- It has emerged that of the 11,600 mini-bond investors that invested in the inoperative bondholder London Capital & Finance (LCF), only 159 would be compensated.
- The company went under having recorded losses amounting to 237 million pounds.
- The compensation authority said it was also unable to shield another 283 bondholders that transacted with the defunct firm before its registration and certification in June 2016.
It is now official that of the 11,600 investors that invested in the inoperative bondholder London Capital & Finance (LCF), only 159 would be compensated. The Investment firm was permanently closed after it was involved in one of the kingdom’s largest savings scandal after the 1988 Barlow-Clowes collapse.
It has now been a year since LCF was liquidated and administrators appointed to oversee compensation and winding up.
The company went under having recorded losses amounting to 237 million pounds. LCF’s dejection escalated when the UK’s Financial Conduct Authority (FCA) directed it to pull down promotional material for “mini-bonds”.
Today, The Financial Services Compensation Scheme (FSCS) reported that it could only assist a mere 159 investors in getting their money back, leaving thousands of others counting millions in losses.
The investors to be compensated are those that switched from shares and stocks to LCF’s unregistered bonds.
In an issued statement, FSCS said: “While FSCS maintains that the act of issuing mini-bonds is not a regulated activity, and is therefore not something FSCS protects, FSCS has concluded there will be some customers who were given misleading advice by LCF and have valid claims for compensation as a result. However, FSCS expects that many customers will not be eligible for compensation on this basis.”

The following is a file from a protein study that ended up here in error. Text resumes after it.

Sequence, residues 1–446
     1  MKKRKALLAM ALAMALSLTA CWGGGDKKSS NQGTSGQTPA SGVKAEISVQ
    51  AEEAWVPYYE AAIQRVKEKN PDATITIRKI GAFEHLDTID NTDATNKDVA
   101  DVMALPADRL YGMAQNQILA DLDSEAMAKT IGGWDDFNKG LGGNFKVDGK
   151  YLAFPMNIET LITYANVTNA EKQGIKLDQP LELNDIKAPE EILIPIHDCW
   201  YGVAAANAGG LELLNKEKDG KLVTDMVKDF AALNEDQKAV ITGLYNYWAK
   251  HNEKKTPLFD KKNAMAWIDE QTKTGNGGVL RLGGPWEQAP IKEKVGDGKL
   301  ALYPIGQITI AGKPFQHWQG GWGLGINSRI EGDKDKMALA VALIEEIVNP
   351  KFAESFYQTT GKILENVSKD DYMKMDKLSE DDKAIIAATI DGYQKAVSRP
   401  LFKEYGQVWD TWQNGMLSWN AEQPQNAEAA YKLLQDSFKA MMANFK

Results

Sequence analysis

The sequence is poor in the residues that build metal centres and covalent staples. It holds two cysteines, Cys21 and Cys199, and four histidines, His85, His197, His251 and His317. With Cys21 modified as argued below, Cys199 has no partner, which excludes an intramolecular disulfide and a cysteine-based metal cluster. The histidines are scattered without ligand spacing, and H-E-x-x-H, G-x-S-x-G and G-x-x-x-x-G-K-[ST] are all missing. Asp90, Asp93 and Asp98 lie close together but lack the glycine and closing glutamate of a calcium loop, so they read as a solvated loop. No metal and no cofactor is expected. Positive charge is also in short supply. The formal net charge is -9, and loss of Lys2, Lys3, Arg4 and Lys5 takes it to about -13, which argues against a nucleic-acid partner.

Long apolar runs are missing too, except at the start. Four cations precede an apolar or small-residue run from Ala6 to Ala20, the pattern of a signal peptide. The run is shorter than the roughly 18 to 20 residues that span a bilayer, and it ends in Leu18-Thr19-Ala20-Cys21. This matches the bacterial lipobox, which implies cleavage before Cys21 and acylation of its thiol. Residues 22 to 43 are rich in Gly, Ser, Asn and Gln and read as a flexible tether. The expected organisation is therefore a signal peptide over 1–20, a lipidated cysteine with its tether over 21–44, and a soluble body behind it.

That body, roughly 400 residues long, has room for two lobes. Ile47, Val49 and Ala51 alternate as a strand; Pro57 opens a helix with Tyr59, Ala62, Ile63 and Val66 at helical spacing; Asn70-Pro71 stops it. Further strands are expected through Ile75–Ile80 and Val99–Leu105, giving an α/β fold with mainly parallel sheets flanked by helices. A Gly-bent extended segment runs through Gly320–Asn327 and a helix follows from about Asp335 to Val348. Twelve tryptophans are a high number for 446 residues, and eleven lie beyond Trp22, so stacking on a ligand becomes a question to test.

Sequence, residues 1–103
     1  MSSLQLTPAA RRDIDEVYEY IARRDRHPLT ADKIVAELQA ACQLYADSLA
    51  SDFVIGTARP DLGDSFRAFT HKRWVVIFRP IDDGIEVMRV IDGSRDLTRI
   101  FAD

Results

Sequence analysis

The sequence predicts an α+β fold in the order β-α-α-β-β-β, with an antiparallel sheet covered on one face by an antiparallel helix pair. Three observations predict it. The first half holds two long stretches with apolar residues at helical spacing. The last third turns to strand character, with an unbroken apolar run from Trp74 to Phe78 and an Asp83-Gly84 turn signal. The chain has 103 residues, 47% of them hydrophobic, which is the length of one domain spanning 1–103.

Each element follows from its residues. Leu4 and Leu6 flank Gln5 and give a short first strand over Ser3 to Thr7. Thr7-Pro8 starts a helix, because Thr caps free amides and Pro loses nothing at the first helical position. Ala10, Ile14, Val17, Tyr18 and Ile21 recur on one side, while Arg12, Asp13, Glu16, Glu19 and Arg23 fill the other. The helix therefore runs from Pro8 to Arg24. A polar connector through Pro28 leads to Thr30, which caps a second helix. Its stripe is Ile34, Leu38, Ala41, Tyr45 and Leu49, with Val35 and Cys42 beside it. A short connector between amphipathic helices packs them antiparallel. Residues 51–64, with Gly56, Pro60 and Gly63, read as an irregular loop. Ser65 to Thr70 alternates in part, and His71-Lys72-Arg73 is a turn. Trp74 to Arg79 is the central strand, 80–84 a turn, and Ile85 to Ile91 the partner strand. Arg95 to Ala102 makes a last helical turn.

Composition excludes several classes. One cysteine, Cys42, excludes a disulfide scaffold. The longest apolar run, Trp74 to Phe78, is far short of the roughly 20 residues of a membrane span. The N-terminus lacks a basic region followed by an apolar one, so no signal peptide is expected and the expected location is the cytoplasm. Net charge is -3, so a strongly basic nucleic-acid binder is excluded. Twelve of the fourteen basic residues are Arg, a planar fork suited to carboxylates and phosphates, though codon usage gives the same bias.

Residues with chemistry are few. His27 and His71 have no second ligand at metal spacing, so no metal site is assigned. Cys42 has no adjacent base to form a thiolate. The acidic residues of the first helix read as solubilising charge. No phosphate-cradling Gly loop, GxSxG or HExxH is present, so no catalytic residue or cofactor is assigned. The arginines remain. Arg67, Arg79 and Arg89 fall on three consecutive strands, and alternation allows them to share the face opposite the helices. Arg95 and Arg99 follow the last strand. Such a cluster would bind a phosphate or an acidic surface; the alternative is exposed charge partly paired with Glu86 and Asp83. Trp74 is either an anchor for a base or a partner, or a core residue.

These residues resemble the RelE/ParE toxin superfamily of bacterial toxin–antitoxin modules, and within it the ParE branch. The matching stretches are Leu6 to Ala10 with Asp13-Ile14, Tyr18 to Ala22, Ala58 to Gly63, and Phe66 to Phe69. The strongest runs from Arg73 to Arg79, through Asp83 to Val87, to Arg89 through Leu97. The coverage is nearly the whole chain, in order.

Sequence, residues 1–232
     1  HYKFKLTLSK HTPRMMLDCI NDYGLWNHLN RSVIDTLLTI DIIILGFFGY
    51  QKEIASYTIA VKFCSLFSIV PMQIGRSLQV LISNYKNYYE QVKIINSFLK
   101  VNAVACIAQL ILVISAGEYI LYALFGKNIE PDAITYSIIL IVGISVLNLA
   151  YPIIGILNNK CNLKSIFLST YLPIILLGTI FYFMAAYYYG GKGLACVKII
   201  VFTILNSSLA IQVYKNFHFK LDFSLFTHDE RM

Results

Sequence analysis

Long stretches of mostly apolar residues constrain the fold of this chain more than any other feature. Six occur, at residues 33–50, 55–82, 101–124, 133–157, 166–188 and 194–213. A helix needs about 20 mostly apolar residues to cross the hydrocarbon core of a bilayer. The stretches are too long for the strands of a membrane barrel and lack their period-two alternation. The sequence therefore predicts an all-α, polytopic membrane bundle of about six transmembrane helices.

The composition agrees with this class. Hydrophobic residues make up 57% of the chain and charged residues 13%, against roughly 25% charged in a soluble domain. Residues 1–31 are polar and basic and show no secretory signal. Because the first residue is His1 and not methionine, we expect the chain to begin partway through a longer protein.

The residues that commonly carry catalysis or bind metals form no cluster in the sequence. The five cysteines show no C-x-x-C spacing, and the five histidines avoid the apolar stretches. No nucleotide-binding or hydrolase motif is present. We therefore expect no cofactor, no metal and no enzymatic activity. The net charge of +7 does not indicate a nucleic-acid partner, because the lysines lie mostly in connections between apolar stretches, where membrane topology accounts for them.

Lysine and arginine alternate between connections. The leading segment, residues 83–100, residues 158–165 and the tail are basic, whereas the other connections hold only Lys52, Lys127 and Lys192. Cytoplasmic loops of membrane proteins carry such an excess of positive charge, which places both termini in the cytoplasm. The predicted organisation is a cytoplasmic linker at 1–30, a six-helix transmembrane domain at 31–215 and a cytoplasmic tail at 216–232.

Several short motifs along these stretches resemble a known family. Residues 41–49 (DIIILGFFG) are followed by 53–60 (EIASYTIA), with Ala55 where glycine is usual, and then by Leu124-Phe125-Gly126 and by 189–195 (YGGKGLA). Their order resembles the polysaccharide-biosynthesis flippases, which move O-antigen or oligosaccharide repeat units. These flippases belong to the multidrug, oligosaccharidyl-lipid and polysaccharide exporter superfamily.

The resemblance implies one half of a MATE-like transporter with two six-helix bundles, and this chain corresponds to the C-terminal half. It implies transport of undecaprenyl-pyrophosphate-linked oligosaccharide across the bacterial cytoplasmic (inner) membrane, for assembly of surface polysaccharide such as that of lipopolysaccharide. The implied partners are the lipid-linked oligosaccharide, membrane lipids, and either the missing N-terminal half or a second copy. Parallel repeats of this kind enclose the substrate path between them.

The compensation authority said it was also unable to shield another 283 bondholders that transacted with the defunct firm before its registration and certification in June 2016.
According to the FSCS, in this particular case, the fact that some investors were given incorrect information about LCF bonds does not qualify as misleading advice.
“For that reason, and based on its investigations so far, FSCS believes many LCF customers are unlikely to be eligible for compensation based on misleading advice,” the authority stated.
LCF issued 16,700 bonds and an investigation into the FCA’s handling of the company has kicked off.
“I appreciate that the initial decisions and outlook we are announcing today are likely to be disappointing to many LCF customers.
We are, however, working as quickly as we can to establish a suitable process for determining customers’ claims, and expect to be in a position to start this process in the next few weeks,” Caroline Rainbird, the CEO of FSCS said.
The Serious Fraud Office of the UK has also commenced an independent investigation into the matter.